Vanuatu airport runway gets a 12 month reprieve
Following emergency repairs to the runway at Vanuatu's main international airport, Bauerfield, the World Bank says the runway is safe for jet planes to arrive for the next 12 months.
Following emergency repairs to the runway at Vanuatu's main international airport, Bauerfield, the World Bank says the runway is safe for jet planes to arrive for the next twelve months.
Short-term repair work was carried out after safety concerns about the runway in January led to the suspension of all Virgin Australia and Air New Zealand flights.
The Bank has made available a $US 59 million loan to cover the short term and long-term upgrades of the runway.
However, Air New Zealand recently said it would not be resuming flights to Port Vila until proposals for a long term runway upgrade were finalised and a contractor engaged for the project.
The World Bank's country director for the Pacific, Franz Drees-Gross, is in Vanuatu where he has inspected the repairs carried out.
He spoke to Johnny Blades
FRANZ DREES-GROSS: What this does, this repair, it basically makes the runway useful again. Useable for another 12 months, so it's a temporary fix. It buys us some time to do the major repairs but at least it makes the runway useable.
JOHNNY BLADES: And when you say useable, you are talking about international jet planes?
FDG: That's correct, that's correct. The planes that fly there right now are all code C aircraft, so basically 737s and other similar size aircraft, so jet aircraft, yes.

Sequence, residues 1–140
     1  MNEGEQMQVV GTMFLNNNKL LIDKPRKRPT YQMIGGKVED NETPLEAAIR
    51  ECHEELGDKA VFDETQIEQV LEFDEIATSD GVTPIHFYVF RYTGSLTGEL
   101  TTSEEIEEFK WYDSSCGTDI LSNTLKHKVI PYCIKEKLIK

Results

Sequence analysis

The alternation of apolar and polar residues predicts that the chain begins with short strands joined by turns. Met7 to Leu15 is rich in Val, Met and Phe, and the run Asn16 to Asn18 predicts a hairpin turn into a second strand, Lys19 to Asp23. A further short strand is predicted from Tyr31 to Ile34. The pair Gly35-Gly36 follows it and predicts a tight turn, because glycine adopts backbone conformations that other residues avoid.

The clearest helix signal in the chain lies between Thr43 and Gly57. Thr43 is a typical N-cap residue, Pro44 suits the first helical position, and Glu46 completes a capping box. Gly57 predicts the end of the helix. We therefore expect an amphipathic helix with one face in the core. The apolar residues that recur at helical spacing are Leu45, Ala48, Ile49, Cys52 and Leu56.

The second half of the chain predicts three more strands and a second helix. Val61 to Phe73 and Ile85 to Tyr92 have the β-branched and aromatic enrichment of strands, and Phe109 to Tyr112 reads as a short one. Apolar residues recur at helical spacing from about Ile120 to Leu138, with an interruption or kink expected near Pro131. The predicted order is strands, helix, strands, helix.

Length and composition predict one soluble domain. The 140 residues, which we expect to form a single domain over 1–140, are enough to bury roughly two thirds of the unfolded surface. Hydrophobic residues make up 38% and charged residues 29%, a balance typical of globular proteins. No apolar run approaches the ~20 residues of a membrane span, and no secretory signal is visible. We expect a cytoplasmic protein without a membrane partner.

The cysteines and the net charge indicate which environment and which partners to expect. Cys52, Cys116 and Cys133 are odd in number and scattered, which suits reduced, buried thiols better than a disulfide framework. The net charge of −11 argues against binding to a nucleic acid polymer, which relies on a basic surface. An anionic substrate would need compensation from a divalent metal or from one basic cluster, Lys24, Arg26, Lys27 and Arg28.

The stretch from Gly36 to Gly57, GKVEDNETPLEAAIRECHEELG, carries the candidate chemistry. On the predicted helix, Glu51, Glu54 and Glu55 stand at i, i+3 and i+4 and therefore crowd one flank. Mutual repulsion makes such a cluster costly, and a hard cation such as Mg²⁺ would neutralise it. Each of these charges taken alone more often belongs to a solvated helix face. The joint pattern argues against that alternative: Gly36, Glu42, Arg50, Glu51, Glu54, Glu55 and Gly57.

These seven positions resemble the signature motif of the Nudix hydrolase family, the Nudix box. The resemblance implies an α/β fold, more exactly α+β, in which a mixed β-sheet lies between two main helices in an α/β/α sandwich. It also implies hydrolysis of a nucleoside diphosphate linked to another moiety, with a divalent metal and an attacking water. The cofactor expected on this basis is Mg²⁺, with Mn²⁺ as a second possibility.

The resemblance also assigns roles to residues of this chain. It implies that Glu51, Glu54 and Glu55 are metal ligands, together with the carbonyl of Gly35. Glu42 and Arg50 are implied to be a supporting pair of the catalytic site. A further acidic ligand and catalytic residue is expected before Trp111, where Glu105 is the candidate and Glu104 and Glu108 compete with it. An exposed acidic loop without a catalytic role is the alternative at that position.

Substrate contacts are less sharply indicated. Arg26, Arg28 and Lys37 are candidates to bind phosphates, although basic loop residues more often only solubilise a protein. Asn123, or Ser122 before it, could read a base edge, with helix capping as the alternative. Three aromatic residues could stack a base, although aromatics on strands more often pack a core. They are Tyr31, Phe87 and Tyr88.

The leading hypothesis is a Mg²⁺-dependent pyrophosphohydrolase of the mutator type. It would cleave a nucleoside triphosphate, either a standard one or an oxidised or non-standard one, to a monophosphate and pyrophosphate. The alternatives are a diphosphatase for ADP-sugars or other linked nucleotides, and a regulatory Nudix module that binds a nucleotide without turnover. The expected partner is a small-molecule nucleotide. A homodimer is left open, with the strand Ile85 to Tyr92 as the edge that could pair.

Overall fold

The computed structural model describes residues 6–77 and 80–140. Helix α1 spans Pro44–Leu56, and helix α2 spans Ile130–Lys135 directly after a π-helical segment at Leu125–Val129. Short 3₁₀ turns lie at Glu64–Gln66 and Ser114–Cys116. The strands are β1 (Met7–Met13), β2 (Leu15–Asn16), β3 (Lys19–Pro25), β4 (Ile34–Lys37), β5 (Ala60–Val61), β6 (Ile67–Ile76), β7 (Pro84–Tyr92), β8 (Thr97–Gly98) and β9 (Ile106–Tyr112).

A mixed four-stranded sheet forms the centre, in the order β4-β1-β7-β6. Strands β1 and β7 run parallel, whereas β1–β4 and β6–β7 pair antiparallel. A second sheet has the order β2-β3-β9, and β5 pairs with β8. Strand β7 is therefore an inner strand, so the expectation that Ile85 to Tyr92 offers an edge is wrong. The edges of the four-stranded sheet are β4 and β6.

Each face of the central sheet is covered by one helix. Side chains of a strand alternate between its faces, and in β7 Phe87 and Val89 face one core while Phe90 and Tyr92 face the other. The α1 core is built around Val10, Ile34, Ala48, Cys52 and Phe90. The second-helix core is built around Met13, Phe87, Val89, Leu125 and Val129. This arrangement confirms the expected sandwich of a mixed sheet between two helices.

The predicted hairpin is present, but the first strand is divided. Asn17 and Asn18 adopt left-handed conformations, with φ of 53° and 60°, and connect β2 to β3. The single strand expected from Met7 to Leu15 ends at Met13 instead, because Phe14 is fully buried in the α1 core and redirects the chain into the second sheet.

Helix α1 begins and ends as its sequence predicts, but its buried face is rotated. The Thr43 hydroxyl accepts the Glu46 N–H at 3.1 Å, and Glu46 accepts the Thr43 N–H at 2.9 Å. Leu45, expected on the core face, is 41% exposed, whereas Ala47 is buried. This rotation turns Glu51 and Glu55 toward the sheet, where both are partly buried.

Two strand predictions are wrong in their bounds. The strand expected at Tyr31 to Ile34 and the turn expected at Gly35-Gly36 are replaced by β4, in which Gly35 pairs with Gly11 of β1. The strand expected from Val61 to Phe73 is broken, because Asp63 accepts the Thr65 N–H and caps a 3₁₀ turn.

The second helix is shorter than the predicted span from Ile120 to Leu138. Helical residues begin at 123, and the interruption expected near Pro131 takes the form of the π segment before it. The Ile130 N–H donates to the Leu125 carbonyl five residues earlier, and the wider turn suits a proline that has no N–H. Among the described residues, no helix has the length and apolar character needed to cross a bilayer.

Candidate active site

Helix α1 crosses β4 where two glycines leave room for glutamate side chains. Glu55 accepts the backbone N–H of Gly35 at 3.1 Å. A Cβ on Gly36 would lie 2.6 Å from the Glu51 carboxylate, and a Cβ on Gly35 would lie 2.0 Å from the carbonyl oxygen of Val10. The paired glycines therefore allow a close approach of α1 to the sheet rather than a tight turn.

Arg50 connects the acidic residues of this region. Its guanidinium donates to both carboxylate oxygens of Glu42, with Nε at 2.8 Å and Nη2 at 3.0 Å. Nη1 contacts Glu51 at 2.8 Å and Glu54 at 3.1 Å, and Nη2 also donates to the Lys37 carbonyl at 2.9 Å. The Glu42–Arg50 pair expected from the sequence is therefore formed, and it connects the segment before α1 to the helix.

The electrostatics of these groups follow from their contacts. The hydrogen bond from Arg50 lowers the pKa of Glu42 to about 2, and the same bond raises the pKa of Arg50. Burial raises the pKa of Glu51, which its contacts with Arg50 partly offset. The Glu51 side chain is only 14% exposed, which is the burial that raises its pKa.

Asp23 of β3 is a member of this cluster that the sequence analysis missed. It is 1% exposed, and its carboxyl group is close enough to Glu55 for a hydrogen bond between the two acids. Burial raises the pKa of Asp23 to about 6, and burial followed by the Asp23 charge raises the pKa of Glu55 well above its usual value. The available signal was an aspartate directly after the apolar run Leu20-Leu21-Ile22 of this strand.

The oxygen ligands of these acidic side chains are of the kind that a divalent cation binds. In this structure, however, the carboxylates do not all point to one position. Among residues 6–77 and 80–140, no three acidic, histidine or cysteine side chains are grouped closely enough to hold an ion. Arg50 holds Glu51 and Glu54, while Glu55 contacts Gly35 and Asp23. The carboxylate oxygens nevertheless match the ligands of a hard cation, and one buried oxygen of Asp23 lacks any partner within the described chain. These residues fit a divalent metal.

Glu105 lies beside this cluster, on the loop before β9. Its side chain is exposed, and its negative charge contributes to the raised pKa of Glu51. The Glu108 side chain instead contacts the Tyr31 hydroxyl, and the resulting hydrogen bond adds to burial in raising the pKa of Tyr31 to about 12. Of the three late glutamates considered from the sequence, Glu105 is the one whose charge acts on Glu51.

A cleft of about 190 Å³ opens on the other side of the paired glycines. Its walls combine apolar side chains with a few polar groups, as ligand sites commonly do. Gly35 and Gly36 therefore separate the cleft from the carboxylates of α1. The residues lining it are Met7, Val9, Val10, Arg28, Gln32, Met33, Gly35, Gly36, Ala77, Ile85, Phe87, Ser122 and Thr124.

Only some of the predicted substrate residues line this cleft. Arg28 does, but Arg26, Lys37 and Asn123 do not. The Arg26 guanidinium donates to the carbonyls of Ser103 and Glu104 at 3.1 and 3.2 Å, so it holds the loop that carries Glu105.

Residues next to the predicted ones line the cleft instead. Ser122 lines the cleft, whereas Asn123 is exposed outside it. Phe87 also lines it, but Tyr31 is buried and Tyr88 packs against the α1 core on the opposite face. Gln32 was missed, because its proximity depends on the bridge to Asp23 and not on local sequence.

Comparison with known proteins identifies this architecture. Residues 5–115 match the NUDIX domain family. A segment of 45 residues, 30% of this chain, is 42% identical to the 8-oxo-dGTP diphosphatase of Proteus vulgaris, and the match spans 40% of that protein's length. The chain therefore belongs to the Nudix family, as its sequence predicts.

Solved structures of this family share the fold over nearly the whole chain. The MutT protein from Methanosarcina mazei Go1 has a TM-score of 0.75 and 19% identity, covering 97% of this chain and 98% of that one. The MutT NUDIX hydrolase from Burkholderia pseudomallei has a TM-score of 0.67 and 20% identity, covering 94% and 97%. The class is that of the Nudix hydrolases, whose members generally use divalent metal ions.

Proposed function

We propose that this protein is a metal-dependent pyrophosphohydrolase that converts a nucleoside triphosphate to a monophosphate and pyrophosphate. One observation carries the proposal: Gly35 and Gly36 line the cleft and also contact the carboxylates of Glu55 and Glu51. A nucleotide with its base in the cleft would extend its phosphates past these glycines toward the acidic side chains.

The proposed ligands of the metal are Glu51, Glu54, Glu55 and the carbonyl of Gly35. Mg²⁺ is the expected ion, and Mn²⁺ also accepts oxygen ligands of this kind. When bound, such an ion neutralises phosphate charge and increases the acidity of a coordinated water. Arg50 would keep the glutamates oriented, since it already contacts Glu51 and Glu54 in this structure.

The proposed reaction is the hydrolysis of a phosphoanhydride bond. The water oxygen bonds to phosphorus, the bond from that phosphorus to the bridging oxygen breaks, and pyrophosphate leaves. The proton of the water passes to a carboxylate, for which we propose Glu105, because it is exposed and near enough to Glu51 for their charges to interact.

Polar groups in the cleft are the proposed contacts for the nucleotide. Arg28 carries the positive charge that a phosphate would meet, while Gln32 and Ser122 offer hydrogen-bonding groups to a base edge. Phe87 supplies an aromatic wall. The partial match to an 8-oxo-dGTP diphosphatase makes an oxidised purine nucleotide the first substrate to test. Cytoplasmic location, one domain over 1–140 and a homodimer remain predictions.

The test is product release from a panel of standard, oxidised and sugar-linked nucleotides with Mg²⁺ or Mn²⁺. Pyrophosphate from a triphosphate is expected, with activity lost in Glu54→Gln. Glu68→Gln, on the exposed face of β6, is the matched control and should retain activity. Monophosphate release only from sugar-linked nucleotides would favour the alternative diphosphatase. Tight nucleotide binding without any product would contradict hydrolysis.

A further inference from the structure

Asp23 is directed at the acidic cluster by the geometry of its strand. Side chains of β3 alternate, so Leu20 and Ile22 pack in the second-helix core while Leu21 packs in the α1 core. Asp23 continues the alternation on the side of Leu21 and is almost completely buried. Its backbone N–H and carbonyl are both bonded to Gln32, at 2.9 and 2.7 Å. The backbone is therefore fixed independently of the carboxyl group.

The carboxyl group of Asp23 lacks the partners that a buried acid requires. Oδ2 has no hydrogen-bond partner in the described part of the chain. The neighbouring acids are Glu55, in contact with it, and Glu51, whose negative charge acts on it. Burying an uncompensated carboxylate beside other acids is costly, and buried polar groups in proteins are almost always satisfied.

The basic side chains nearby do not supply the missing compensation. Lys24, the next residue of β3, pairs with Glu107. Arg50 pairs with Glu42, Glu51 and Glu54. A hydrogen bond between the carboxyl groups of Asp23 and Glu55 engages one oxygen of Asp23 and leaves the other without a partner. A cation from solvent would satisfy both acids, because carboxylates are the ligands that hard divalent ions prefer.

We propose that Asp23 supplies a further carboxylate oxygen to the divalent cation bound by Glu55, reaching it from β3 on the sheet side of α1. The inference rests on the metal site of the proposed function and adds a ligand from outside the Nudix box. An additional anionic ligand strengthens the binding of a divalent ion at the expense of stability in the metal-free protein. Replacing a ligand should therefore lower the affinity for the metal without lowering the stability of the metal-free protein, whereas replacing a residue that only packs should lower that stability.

JB: There is a bit of an issue here with Air New Zealand, you are no doubt aware, saying its not going to resume flights, even with the temporary work that's been done that you have just monitored. Do we know what standard they are alluding to when they say it is not up to scratch?
FDG: I don't know and I think individual airlines will have to look at the emergency repairs that have been done and come to their own conclusions and we respect that. We're fully cognisant of the fact that this is an emergency repair. What it does is that it eliminates the foreign object debris risk in the short term. The long term or the medium term response beyond 12 months, will be a full scale rehabilitation of the whole 2600 metre runway.
JB: Fulton Hogan did this emergency repair work.
FDG: Fulton Hogan was the contractor that did the emergency repairs and there's a company called Tonkin Taylor that actually does the designs. They're an engineering company that does designs, bidding documents and the like and they are working on that next step which is the full blown rehabilitation of the full 2600 metre runway.
JB: It sounds like things are going pretty much to the plan which you told us about back in late January which the World Bank and Vanuatu were looking at, is that right? Things are pretty much going to that plan?
FDG: That's right. So I think emergency repairs have been done quite expeditiously and quite well. So I think that part of the plan is well under way and we are just here in these days finalising discussions with the government about the exact scope of the full scale rehabilitation.
JB: And the World Bank aviation or at least runway experts, they are satisfied with where this runway, Bauerfield runway, is at?
FDG: That's right. We've been monitoring progress and it's my understanding that emergency repairs have been well done. Look we are looking forward to making this work. We realise this buys us 12 months of time but just finalising the designs, bidding it out and getting a contractor on the ground and mobilised, that will take the better part of a year. We know we are still running against the clock. We need and the government needs to remain focussed on this just to get the full blown rehabilitation under way and not lose this 12 month window that they have now opened for themselves.
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